yogurt

Yogurt is what your raw milk will become naturally if you leave it at body heat — around one hundred degrees — for several hours.  Yogurt cultures are naturally present in raw milk, and thrive at temperatures between ninety and one hundred ten degrees; that is, they like it warm — they are thermophilic.  To make yogurt quickly and reliably, you can add a boost of thermophilic lactobacilli (milk culture) to your warm milk; just mix a couple of ounces of regular unsweetened yogurt to your warmed raw milk, pour it into a clean jar, and set it in a warm place, like a gas oven with the pilot light on, or in a cooler with a jar of pretty warm water to keep it company, for anywhere from six hours to a day and a half.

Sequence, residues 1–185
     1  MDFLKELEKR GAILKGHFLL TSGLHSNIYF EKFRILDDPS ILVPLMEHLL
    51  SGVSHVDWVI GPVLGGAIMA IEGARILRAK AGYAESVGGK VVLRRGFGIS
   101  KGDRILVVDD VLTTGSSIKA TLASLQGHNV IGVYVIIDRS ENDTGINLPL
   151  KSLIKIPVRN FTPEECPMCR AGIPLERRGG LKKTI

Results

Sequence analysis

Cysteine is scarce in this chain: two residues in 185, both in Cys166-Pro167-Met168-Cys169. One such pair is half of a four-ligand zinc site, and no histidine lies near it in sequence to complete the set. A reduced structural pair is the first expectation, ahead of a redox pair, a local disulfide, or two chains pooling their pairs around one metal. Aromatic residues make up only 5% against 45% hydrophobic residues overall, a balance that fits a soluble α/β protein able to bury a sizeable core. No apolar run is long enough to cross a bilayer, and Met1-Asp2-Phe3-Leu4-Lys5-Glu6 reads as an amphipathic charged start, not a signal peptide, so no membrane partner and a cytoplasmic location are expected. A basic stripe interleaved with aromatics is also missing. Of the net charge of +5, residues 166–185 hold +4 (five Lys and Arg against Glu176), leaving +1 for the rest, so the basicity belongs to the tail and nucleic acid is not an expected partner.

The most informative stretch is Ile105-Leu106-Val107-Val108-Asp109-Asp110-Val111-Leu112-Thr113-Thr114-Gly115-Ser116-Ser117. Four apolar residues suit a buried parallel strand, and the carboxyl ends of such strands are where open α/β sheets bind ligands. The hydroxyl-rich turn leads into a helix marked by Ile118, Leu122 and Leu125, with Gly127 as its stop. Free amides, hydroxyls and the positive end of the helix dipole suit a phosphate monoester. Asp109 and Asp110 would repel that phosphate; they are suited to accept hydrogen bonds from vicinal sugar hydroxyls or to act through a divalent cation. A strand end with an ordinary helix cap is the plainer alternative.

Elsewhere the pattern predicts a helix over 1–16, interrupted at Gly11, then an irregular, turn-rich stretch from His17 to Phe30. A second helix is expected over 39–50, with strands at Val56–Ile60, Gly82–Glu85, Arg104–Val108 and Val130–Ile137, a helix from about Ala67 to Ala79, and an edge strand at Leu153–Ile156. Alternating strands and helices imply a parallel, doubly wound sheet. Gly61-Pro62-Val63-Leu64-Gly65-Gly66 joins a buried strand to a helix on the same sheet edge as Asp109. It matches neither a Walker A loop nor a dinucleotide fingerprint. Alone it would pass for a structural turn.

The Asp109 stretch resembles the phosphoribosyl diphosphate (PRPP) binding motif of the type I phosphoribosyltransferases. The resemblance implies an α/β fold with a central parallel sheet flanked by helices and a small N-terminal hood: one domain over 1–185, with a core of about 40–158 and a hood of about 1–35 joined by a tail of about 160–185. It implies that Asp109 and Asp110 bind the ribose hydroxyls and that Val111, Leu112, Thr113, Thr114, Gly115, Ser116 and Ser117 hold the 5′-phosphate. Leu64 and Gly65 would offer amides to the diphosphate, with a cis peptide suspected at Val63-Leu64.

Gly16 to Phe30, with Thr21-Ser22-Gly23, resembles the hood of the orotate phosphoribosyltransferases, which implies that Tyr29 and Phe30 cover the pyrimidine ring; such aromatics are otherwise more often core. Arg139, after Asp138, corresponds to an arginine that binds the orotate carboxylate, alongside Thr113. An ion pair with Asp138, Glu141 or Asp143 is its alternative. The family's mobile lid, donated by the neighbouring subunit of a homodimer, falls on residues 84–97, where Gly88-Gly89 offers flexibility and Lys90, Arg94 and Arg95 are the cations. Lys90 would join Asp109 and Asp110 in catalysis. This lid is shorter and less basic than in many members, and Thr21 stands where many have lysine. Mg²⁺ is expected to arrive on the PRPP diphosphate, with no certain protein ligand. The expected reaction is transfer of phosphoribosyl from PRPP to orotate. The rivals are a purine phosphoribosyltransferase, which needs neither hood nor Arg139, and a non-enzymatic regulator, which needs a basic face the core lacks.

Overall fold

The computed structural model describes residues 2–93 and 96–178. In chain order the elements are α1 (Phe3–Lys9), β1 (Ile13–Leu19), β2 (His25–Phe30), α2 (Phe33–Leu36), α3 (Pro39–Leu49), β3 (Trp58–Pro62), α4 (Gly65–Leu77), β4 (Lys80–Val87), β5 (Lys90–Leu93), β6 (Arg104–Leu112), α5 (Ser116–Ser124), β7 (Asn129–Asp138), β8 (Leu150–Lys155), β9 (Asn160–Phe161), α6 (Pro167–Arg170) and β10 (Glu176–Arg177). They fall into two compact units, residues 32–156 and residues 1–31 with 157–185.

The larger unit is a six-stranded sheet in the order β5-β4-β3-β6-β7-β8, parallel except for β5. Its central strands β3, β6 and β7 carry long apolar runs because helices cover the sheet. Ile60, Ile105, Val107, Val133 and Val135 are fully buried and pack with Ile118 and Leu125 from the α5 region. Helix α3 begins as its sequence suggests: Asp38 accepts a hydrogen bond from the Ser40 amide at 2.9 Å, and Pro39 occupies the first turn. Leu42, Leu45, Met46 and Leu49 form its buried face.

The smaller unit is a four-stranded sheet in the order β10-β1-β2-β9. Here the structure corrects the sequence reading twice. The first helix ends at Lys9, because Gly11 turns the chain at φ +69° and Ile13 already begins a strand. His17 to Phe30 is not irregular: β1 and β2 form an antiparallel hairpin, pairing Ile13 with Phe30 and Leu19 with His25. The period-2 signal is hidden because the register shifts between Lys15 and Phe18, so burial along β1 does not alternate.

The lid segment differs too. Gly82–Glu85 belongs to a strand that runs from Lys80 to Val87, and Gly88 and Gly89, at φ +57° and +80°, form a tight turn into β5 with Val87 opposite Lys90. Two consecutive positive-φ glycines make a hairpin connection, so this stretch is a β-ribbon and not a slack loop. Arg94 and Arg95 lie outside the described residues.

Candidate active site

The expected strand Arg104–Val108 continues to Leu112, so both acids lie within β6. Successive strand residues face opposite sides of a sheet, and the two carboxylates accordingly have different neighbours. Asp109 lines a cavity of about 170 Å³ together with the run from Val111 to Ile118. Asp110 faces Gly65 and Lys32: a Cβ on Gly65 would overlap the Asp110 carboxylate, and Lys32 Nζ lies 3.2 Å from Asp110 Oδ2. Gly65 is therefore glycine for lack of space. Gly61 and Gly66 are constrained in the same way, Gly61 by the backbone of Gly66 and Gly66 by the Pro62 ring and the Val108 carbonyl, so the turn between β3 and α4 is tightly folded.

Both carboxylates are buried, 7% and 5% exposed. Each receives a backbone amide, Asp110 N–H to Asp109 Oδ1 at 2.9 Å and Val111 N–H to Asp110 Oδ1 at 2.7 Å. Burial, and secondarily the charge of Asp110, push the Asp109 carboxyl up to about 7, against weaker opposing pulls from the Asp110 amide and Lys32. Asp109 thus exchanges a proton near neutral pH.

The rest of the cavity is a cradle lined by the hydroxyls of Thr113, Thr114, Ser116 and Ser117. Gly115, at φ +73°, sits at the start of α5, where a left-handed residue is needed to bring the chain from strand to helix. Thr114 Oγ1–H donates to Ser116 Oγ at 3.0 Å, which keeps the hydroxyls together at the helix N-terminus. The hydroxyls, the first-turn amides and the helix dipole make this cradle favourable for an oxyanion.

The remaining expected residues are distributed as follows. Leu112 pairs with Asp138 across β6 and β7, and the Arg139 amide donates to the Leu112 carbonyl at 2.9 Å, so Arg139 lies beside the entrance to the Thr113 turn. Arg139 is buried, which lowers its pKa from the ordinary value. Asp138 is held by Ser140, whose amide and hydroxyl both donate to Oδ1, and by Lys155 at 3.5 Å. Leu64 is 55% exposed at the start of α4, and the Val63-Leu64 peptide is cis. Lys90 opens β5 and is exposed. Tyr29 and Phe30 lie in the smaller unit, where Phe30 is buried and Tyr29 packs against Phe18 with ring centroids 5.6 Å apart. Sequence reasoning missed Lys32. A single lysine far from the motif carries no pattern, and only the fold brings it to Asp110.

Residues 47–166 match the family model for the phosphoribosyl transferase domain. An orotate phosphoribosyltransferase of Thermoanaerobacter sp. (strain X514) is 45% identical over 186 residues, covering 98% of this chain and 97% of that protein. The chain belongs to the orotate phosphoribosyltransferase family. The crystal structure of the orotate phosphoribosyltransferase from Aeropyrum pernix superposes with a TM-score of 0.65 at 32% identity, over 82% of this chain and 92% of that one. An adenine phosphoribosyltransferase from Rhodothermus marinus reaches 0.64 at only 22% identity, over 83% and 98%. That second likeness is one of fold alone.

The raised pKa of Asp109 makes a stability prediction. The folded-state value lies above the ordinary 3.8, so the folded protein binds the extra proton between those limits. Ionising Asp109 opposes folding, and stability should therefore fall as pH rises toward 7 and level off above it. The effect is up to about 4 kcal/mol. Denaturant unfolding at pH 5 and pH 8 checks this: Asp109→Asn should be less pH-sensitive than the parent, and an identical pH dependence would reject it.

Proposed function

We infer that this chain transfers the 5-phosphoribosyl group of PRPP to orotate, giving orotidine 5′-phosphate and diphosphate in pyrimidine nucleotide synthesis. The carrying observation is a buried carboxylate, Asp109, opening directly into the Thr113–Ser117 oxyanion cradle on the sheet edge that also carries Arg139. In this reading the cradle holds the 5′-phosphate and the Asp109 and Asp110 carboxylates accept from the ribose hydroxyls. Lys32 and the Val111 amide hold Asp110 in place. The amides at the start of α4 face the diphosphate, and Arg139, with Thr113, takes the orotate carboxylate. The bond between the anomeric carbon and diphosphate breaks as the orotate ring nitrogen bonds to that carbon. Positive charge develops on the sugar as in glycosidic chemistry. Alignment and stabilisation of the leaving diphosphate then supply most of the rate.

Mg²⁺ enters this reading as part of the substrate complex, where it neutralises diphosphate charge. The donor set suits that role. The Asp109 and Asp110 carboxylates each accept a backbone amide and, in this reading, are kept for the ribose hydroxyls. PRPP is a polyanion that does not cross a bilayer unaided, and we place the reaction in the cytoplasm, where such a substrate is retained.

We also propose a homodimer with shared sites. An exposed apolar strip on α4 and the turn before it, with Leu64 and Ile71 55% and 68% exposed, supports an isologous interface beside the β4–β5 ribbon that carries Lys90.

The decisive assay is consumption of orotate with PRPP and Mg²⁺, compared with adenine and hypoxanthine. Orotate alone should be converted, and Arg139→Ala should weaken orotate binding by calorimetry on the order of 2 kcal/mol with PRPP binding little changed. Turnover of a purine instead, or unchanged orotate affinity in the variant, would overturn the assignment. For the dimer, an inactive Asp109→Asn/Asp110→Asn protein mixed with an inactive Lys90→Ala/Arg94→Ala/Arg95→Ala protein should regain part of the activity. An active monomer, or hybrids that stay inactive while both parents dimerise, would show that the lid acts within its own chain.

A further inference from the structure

To make yogurt:

Warm two quarts of good raw milk to about ninety five degrees — a little more or less won’t mean success or failure.  With a clean fork or a whisk — it doesn’t hurt to pour a little boiling water from the kettle over all your utensils before you use them, just to give your yogurt culture less competition from other friendly but non-yogurt producing bacteria and mold in your kitchen — stir in a quarter cup of yogurt per quart, mixing thoroughly.  Then pour your cultured milk into clean jars, screw on clean lids, and keep it about that warm for several hours.

That’s all there is to it!

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